Any suitable filler known in the art can also be used such as, for example, lampblack, hydrous magnesium silicate, carbon black, mica, talc, aqueous silica, sodium fluoroaluminate and the like and mixtures thereof. Unsaturated compounds, rubber latexes, curing agents and other expedients known in the art can also be added to improve adhesion at high temperatures if desired.
The coating compositions of the invention can be applied to substrates by any conventional coating method such as by dipping, roll coating, spraying, and the like. The coatings are preferably sprayed using any suitable paint spray type equipment, generally at a spray rate sufficient to apply the desired quantity of coating for the desired application, preferably 0.003 to 0.02 grams, more preferably 0.004 to 0.008 grams dry weight per square inch of substrate surface. The preferred ranges are dictated by the requirement that enough coating be present to provide adequate air bleed without using so much that adhesion is lost. The amount of coating applied to a rubber surface may be varied although the amount generally applied would correspond to that amount applied when the raw rubber surface is given a thin coating with a paint brush. The raw rubber article is then shaped and cured.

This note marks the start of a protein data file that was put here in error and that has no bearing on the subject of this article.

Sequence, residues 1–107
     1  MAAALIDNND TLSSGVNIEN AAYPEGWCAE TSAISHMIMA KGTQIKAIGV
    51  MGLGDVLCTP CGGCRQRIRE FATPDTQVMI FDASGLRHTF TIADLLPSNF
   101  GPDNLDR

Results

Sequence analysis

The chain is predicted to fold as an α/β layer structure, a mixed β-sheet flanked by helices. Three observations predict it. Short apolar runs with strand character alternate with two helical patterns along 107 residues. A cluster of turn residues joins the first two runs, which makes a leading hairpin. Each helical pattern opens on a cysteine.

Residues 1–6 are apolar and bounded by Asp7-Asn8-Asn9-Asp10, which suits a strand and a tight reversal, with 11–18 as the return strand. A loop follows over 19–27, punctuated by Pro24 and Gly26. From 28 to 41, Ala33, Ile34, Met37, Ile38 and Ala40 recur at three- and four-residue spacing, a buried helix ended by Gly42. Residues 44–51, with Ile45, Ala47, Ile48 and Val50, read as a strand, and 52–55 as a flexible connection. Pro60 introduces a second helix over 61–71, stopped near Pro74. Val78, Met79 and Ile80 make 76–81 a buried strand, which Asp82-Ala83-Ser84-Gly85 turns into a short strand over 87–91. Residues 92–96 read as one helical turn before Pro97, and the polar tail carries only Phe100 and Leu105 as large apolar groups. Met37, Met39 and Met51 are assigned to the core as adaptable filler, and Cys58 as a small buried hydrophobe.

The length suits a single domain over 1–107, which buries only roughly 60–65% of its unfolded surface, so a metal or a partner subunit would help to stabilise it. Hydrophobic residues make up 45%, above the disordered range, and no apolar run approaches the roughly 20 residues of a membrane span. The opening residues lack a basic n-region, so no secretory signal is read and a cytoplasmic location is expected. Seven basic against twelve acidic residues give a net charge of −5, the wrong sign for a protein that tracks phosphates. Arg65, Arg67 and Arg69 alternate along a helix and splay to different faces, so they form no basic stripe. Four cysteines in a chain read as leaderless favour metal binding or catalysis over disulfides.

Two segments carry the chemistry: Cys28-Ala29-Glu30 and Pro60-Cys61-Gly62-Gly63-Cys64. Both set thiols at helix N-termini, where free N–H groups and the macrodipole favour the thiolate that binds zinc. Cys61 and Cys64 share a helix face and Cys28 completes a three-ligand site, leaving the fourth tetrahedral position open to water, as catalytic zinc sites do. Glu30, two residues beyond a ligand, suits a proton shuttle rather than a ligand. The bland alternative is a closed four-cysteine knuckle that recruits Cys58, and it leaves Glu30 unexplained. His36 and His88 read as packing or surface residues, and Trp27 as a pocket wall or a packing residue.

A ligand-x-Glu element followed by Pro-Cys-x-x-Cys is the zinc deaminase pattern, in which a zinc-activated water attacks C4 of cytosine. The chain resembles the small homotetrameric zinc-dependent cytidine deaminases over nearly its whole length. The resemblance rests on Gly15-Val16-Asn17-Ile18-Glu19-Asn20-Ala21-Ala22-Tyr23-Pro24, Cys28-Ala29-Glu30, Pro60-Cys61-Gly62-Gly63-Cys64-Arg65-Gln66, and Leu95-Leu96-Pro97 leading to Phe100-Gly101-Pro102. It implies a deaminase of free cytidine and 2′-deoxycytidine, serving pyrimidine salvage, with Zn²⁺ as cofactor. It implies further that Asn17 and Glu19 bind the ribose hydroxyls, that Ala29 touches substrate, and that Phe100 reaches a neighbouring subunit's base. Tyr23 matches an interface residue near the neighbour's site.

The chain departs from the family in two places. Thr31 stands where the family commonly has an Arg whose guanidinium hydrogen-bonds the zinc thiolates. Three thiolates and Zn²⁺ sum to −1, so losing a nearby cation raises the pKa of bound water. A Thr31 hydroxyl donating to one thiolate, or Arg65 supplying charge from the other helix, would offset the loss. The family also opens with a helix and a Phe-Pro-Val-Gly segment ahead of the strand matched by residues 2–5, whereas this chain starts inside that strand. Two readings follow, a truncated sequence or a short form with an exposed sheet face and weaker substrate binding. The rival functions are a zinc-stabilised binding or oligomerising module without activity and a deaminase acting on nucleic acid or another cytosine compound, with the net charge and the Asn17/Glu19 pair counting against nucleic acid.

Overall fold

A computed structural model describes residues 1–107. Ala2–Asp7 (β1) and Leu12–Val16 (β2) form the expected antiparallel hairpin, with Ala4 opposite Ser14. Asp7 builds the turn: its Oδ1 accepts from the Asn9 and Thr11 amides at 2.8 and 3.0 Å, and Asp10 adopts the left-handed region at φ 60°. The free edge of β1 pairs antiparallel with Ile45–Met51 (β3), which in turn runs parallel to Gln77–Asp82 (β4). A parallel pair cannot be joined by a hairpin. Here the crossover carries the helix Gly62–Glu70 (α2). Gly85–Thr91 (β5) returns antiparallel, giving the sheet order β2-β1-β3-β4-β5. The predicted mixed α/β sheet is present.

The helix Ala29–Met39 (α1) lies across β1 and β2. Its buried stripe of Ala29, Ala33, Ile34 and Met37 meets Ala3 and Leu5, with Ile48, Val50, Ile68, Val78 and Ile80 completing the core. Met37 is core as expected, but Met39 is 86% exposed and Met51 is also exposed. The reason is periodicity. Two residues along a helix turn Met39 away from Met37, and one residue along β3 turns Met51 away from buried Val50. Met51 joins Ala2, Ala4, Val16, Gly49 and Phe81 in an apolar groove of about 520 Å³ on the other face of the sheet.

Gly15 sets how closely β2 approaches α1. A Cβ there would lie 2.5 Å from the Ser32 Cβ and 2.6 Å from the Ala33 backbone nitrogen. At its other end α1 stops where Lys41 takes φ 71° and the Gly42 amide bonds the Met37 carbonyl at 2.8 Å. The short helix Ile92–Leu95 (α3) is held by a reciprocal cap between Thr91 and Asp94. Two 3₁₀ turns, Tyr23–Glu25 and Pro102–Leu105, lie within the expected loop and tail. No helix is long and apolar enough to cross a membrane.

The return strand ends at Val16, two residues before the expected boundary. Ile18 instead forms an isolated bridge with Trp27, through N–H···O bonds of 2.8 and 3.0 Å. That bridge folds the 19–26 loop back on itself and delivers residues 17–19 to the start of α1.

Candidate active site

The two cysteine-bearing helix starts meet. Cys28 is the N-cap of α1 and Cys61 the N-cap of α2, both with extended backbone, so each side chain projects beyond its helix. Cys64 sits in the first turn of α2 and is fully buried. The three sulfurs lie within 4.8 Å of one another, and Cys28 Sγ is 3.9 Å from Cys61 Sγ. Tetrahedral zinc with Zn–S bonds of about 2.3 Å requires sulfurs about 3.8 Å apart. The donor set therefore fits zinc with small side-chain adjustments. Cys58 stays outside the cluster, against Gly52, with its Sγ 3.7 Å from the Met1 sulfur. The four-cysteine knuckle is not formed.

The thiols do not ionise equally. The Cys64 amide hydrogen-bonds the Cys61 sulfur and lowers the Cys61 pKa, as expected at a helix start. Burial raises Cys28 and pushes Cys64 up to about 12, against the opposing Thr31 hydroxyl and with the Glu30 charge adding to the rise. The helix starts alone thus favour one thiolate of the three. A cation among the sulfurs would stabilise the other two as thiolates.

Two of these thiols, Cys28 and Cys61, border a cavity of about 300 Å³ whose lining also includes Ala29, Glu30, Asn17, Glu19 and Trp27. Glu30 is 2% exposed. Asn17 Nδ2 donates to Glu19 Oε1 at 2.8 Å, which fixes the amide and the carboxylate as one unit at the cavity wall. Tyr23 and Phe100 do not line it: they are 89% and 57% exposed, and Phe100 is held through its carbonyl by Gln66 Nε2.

When a composition of the invention is applied to the surface of a tire to be shaped and cured, it remains on the tire surface as an outside tire paint. Enhanced results are obtained when compositions of the invention are applied to fabric-backed substrates, probably because the fabric backing acts as a stabilizer to prevent possible junction bond distortion and prevent tearing adhesion failure.
When used as an adhesive, the compositions of the invention need only be applied to one of the surfaces to be adhered before the surfaces are placed together and cured or vulcanized as discussed above.